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Wednesday, May 20, 2015


I finally purchased a new swimsuit after wearing the same black one-piece for over 10 years.  Buying
a new swimsuit is tough.  There’s the whole body shape, what’s your most flattering style debate.  I’d like to avoid that topic completely.  I stressed so much over this last purchase that I ended up getting swim shorts and a halterkini top.  Given how hard of a time I had purchasing a new suit for myself, I don’t feel qualified to discuss style options for others.  What we want to do is discuss the three most common fabric options for swimsuits -- nylon, spandex, and polyester -- and the pros and cons of each.  After all, summer is quickly approaching, and we want you to be informed as you head out looking for this season’s suit.


Nylon is the most common fabric used in swimsuits.  The material is strong, and it fits smoothly over the body.  It doesn’t absorb much moisture, so suits made of nylon will dry faster than others.  On the downside, repeated exposure to both chlorine and sun will cause both the color to fade and the fabric to become weak and fray.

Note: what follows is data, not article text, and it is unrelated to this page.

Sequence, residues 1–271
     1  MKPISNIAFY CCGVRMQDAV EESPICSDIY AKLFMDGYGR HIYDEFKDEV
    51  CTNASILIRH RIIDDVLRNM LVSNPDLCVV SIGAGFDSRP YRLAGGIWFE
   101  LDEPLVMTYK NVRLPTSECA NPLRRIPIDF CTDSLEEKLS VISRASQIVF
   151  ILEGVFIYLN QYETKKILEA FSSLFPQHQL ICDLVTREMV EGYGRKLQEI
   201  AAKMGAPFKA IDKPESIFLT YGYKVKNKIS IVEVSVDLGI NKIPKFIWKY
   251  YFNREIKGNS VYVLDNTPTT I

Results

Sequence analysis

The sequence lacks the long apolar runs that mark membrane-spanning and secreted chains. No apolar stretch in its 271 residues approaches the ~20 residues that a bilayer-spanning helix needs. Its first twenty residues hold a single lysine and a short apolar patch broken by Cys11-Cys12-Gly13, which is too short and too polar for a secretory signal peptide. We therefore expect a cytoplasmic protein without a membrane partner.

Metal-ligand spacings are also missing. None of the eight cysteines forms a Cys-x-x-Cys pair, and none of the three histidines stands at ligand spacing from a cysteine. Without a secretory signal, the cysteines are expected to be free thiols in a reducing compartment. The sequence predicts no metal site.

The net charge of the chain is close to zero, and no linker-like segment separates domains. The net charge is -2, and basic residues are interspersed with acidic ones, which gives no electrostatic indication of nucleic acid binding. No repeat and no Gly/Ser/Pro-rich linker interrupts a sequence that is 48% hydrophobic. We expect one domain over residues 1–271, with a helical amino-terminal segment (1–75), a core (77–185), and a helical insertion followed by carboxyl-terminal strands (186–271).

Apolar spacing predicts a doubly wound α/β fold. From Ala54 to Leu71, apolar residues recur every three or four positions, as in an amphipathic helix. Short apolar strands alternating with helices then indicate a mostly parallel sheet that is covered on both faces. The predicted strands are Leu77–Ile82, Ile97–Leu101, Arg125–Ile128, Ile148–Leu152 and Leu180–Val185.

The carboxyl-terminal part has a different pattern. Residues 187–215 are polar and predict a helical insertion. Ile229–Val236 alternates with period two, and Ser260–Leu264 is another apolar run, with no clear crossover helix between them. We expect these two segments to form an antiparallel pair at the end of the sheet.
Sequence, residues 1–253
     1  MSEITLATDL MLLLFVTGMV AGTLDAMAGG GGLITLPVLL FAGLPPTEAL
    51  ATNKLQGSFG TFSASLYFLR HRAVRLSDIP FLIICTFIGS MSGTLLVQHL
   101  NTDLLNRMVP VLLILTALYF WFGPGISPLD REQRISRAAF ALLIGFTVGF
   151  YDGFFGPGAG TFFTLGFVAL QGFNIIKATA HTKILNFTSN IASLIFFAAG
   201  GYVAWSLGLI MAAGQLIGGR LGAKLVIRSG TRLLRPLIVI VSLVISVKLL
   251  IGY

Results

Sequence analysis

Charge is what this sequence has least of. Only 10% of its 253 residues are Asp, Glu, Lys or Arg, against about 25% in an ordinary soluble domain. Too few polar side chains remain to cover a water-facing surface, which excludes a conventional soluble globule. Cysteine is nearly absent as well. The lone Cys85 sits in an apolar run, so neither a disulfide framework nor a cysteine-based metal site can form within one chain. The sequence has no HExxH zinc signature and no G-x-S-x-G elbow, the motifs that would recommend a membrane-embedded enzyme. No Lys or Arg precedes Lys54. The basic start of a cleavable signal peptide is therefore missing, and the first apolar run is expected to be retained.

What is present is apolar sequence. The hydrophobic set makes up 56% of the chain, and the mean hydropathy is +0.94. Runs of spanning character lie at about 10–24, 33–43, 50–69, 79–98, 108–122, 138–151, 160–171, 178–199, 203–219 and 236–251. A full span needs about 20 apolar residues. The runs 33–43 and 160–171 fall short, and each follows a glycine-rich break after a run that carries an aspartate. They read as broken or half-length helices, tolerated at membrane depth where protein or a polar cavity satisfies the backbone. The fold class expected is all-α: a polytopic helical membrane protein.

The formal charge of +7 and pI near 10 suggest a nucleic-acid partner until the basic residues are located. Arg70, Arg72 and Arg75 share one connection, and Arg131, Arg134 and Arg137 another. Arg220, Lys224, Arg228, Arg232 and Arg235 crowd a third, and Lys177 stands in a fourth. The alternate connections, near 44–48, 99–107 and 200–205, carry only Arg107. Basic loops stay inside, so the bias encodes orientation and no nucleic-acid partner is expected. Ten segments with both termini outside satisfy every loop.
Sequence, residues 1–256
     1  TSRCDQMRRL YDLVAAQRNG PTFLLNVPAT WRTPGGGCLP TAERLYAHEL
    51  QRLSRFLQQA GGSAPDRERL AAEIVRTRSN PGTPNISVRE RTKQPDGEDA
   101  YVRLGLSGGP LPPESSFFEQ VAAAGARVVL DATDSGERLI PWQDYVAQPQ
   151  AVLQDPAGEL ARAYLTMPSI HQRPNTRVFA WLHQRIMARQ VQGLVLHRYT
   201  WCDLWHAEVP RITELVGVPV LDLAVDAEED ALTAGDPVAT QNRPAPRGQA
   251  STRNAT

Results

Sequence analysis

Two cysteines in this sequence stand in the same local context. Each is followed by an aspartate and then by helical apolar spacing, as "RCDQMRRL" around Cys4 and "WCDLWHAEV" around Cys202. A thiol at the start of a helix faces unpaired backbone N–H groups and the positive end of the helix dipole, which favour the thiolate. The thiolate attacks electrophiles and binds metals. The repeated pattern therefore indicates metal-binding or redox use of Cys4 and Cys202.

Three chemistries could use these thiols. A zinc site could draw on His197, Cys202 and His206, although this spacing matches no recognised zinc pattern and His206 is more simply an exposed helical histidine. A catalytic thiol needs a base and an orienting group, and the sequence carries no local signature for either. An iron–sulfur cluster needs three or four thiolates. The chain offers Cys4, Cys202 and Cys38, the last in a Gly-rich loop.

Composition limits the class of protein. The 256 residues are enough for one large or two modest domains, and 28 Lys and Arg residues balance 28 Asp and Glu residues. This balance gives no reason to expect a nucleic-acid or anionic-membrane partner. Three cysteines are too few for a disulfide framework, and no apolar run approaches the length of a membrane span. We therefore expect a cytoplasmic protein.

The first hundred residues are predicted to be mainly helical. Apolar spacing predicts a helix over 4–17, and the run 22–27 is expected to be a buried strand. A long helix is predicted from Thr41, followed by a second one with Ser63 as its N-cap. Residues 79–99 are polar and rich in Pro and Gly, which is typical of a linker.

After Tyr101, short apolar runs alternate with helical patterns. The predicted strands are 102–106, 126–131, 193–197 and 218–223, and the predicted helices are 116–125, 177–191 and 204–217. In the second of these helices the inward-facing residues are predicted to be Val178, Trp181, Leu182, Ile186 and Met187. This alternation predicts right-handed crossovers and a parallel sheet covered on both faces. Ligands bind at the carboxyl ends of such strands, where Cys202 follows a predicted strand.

Spandex, also known as Lycra or Elastane, is found in nearly every swimsuit because of its elasticity, comfort, and form-fitting look.  The typical swimsuit is not made of spandex alone but instead a blend of both spandex and usually nylon.  Typically, competitive swimsuits contain a higher percentage of spandex as compared to those designed for fun.  Unfortunately, it too doesn’t hold up well to repeated exposure to chlorine, and the fabric loses its elasticity over time and begins to sag.


Polyester suits aren’t usually found in department stores but rather in athletic stores or on specialty swimwear sites.  There was conflicting information out there on the uses for polyester suits.  One site indicated that they are designed to be fast enough for competition and tough enough for training, while another site stated that they are never used in competition but make great practice suits.  Polyester suits may be difficult to find.  But if you find one you like and don’t mind that it feels more like clothing material and less like a swimsuit, then you can enjoy the benefits of it holding its strength over time, standing up to chlorine, and lasting for years.

When choosing a swimsuit for this upcoming season, we recommend that you go what you are comfortable with.  Suits are typically made of a combination of fabrics, and the benefits associated with each fabric will be present.  Keep in mind that cheaper is not always better; many times you get what you pay for.  A higher quality suit will hold its shape better and look nicer, longer.  As with any garment, we recommend you follow the care label’s instructions when washing your suit.  Now get out there and enjoy the sunshine.

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